Adventures of Mr. Verdant Green

Adventures of Mr. Verdant Green

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The Project Gutenberg eBook of The Adventures of Mr Verdant Green, by Cuthbert Bede Copyright laws are changing all over the world. Be sure to check the copyright laws for your country before downloading or redistributing this or any other Project Gutenberg eBook. This header should be the first thing seen when viewing this Project Gutenberg file. Please do not remove it. Do not change or edit the header without written permission. Please read the "legal small print," and other information about the eBook and Project Gutenberg at the bottom of this file. Included is important information about your specific rights and restrictions in how the file may be used. You can also find out about how to make a donation to Project Gutenberg, and how to get involved. **Welcome To The World of Free Plain Vanilla Electronic Texts** **eBooks Readable By Both Humans and By Computers, Since 1971** *****These eBooks Were Prepared By Thousands of Volunteers!***** Title: The Adventures of Mr Verdant Green Author: Cuthbert Bede Release Date: November, 2003 [EBook #4644] [Text file version of edition 11 was posted on Februuary 9, 2004] [This HTML version of edition 11 was posted on March 14, 2004] Edition: 11 Language: English Character set encoding: iso-8859-1 *** START OF THE PROJECT GUTENBERG EBOOK, THE ADVENTURES OF MR VERDANT GREEN ***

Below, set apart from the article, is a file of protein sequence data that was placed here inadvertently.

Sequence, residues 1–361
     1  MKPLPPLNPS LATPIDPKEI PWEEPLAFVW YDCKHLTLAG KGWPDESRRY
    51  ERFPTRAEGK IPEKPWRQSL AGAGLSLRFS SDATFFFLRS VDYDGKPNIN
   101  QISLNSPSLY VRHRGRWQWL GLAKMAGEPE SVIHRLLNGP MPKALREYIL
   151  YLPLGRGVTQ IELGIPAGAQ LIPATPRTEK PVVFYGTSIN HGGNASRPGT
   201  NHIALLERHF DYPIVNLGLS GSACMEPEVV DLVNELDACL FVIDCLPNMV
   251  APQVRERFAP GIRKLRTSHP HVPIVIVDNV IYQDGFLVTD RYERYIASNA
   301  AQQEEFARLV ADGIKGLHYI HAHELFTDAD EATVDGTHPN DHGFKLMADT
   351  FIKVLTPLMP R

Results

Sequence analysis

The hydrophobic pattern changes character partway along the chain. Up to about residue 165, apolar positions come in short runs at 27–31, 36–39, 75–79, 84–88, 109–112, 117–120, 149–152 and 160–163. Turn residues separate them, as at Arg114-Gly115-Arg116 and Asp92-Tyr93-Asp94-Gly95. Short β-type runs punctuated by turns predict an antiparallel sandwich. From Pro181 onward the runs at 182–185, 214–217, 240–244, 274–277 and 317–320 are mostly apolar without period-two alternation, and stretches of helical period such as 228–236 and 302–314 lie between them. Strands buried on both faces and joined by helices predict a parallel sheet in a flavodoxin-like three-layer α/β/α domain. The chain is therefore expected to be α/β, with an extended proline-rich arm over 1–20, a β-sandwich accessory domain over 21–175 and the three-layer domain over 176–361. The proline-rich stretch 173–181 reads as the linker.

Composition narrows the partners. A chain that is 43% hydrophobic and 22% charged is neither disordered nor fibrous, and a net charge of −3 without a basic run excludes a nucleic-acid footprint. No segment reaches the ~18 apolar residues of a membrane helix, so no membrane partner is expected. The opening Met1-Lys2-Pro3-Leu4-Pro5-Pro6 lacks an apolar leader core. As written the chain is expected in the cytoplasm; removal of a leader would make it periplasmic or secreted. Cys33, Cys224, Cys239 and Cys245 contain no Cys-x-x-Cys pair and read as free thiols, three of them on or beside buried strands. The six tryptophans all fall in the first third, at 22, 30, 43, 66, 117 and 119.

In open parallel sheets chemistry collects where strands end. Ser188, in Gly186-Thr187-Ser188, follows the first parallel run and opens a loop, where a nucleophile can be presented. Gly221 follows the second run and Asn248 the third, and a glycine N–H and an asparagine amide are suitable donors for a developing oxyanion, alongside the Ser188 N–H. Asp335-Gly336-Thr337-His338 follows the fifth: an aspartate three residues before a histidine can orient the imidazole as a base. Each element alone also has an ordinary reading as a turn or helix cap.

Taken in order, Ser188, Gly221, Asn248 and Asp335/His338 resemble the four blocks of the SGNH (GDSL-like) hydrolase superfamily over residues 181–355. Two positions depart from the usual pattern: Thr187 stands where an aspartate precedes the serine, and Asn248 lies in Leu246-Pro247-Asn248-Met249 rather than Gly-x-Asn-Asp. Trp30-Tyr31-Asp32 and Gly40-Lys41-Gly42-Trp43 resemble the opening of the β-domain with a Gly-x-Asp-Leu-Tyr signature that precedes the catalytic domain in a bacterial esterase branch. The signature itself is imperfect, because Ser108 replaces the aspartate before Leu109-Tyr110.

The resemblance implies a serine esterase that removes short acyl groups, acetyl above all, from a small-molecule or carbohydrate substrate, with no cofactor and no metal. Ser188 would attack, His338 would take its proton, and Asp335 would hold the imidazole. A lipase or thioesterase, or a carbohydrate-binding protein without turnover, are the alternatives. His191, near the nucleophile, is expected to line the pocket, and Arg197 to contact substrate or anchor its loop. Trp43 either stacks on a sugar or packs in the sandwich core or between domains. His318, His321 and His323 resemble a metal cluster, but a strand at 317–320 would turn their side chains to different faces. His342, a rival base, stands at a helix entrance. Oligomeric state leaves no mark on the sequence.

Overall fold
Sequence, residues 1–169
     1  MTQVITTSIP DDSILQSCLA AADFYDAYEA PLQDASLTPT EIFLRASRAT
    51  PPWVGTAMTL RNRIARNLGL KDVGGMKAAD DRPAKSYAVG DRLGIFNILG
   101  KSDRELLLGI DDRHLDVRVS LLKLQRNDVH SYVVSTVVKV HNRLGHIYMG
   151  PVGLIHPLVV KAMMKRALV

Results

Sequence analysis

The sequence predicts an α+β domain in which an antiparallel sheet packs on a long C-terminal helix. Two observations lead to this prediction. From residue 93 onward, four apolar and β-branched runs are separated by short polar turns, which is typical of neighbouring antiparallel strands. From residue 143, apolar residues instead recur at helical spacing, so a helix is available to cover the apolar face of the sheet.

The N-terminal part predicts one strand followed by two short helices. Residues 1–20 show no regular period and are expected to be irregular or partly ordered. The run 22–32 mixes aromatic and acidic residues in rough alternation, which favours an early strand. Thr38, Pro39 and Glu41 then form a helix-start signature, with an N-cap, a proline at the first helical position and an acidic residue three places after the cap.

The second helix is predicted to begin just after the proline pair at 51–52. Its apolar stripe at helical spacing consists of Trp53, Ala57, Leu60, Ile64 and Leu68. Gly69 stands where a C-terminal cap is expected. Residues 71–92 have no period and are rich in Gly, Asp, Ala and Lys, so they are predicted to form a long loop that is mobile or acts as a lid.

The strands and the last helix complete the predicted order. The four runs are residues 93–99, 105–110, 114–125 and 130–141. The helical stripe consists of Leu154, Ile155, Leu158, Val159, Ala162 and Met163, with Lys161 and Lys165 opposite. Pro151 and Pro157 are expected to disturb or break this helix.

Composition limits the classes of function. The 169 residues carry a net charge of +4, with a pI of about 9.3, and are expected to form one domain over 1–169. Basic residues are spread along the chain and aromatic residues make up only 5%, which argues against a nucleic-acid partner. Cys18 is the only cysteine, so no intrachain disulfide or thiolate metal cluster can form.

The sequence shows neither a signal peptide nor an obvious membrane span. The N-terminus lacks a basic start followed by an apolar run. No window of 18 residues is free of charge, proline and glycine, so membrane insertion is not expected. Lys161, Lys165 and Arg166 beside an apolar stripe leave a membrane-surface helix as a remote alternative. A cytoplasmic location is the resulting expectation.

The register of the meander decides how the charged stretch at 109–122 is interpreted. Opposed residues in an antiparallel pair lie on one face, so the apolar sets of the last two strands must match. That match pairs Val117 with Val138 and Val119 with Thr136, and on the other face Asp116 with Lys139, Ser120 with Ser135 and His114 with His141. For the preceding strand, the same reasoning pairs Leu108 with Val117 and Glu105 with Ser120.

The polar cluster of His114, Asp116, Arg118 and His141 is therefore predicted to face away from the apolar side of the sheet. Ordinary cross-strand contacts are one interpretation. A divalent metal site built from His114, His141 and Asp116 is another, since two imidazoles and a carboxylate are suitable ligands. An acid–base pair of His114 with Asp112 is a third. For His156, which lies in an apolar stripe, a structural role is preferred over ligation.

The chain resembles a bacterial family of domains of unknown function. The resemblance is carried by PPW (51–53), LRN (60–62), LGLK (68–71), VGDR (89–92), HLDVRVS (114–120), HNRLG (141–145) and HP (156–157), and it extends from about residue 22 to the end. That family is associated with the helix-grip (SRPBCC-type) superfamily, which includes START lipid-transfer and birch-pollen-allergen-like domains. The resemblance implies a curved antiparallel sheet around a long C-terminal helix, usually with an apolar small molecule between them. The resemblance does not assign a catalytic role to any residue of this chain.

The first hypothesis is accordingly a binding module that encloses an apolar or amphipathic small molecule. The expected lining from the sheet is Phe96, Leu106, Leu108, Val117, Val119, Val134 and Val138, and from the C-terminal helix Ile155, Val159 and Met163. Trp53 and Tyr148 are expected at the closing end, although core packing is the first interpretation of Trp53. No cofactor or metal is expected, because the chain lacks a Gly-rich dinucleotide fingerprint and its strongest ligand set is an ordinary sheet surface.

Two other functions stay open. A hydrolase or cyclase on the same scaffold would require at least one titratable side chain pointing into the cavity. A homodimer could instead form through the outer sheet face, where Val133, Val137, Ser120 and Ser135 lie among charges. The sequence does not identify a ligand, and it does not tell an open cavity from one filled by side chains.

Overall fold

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(PART I)
THE ADVENTURES OF MR. VERDANT GREEN, AN OXFORD FRESHMAN.
BY CUTHBERT BEDE, B.A.
WITH NUMEROUS ILLUSTRATIONS, DESIGNED AND DRAWN ON THE WOOD BY THE AUTHOR.
"A COLLEGE JOKE TO CURE THE DUMPS." SWIFT.
LONDON: NATHANIEL COOKE, (LATE INGRAM, COOKE, AND CO.) MILFORD HOUSE, STRAND.
1853.
LONDON: PRINTED BY ROBSON, LEVEY, AND FRANKLYN, Great New Street and Fetter Lane
CONTENTS
CHAPTER IMr. Verdant Green's Relatives and Antecedents IIMr. Verdant Green is to be an Oxford Freshman IIIMr. Verdant Green leaves the Home of his Ancestors IVMr. Verdant Green becomes an Oxford Undergraduate VMr. Verdant Green matriculates, and makes a sensation VIMr. Verdant Green dines, breakfasts, and goes to Chapel VIIa Gentleman who "is licensed to sell"Mr. Verdant Green calls on VIIIMr. Verdant Green's Morning Reflections are not so pleasant as his Evening Diversions Verdant Green attends Lectures, and, in despite of Sermons, has dealings with Filthy IXecrLu. Mr